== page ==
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Phineas and Ferb: Across the 2nd Dimension
Score: 70%
ESRB: Everyone 10+
Publisher: Disney Interactive
Developer: High Impact Games
Media: Blu-ray/1
Players: 1 - 2
Genre: Action/ Platformer

Graphics & Sound:
If anything, Phineas and Ferb: Across the 2nd Dimension understands what makes the show so popular among kids and parents. Although the game itself doesn't offer the same range of appeal as the show, it still gets a lot of things right.

It all starts with the writing and voicework. Both are excellent. It is hard not to laugh at the game's snappy, smart jokes and dialogue. It's the same sort of rapid-fire, sometimes subtle, delivery that makes the show great. The same sense of humor carries over into the visuals. Building on the dimension-hopping montage near the end of the movie, each level offers a different visual style. For instance, one level is made of balloons, while another looks like an old black-and-white cartoon.


Gameplay:
Although older players will enjoy the game's smart, funny writing, Phineas and Ferb: Across the 2nd Dimension is designed primarily for a younger set of players. As such, the game keeps things simple, though there's always something new going on, so it is sure to hold the attention of its audience.

Rather than follow one set play style, Across the 2nd Dimension jumps between styles. In one level, you'll travel through an on-rails portion and the next, you're in a straightforward platforming area. Each section is fun, at least until the lack of challenge sinks in, and manages to hold its own admirably. The rapid-fire gameplay change-ups are supported by a really inventive story. Rather than re-tell the movie's story, the game instead uses the main plot device - the Otherdimensionator - to push players through each section.

The PS3 version of the game also features four episodes of the show. Though not directly connected to the game's plot, they're a nice bonus.


Difficulty:
Unfortunately, Phineas and Ferb: Across the 2nd Dimension is outright crippled by its difficulty. It is hard to actually lose the game. Enemies pose little threat, thanks in part to a homing auto-lock for projectiles, and you're constantly tripping over health packs.

While this isn't uncommon to kid-friendly games, some at least add some sort of value and challenge by offering a robust number of unlockable items. Although you can unlock items, such as new characters, costumes and weapon customizations, they are tucked away in two incredibly bland mini-games. I would have preferred something more in-line with the LEGO games, especially considering the number of available characters. It would have been a nice fit.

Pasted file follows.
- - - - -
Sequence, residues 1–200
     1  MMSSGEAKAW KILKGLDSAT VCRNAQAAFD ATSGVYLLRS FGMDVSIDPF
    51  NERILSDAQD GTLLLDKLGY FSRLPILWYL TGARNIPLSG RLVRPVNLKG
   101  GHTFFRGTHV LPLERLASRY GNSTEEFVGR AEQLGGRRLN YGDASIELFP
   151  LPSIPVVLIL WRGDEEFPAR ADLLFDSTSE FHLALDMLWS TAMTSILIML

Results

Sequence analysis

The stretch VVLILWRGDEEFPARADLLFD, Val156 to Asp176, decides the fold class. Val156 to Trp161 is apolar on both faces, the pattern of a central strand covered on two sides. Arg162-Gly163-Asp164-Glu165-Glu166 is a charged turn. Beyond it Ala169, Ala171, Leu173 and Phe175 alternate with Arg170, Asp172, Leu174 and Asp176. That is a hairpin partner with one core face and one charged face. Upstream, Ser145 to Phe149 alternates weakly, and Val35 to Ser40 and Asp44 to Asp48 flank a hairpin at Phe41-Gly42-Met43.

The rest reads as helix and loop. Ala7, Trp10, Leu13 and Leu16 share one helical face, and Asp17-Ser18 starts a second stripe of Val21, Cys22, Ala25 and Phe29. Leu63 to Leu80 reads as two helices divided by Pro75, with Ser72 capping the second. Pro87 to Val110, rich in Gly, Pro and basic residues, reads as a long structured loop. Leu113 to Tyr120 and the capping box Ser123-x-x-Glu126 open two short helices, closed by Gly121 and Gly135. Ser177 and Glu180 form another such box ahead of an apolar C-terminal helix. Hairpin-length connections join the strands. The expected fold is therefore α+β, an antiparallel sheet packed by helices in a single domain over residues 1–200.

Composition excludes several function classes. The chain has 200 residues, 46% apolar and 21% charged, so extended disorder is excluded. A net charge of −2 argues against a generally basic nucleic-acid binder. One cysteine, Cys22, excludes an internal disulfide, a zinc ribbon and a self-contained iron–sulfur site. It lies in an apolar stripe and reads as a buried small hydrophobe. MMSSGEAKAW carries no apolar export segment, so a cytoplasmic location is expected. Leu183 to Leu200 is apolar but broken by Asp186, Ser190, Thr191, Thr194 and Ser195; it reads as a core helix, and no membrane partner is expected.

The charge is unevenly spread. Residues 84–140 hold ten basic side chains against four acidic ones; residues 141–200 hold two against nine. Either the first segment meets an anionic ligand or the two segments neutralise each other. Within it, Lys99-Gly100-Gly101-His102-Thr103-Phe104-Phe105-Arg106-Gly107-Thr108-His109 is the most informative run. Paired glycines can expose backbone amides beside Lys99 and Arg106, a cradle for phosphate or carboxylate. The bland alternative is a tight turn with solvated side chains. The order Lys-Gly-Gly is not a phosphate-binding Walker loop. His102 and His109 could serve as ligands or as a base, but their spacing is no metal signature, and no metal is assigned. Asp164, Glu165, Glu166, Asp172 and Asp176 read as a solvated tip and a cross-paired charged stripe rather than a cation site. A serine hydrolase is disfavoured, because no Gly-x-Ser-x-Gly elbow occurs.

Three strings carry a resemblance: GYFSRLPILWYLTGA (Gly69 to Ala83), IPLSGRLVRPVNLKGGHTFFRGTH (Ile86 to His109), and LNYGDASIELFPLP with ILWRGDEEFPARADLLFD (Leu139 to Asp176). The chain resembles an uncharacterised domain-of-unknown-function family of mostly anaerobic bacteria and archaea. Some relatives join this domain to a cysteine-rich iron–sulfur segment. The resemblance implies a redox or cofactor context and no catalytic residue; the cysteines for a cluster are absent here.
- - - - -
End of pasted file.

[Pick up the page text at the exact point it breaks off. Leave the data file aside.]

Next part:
Game Mechanics:
Although gameplay is almost constantly shifting styles, Phineas and Ferb: Across the 2nd Dimension manages to provide a solid experience throughout. Controls are, for the most part, solid and incredibly easy to learn. In-game actions may be different, but the control mechanisms are constant and crisp.

You're joined in each level by another character. Though the addition of a second human player decreases difficulty even further, two players are always better than one. If you can't find someone to play with, the A.I. does a good job of keeping up. Each character has their own unique abilities, so there are differences, though it isn't likely you'll notice them while playing. For example, Phineas regenerates health over time, yet there are health packs everywhere, negating the bonus to playing with the character.

Across the 2nd Dimension absolutely nails the show's gadget concept. You'll come across several gadgets in your dimension-jumping adventure, each with a set of upgrades. New parts are scattered in out-of-the-way portions of each level (making them one of the few reasons to replay completed levels) and can really add some punch to your weapons. Not that you really need them, but who doesn't like upgrades?

Phineas and Ferb: Across the 2nd Dimension is an okay pick-up, though only for parents with really young kids who are fans of the show. Although the series has its older audience, the lack of difficulty is a deal-breaker.


-Starscream, GameVortex Communications
AKA Ricky Tucker

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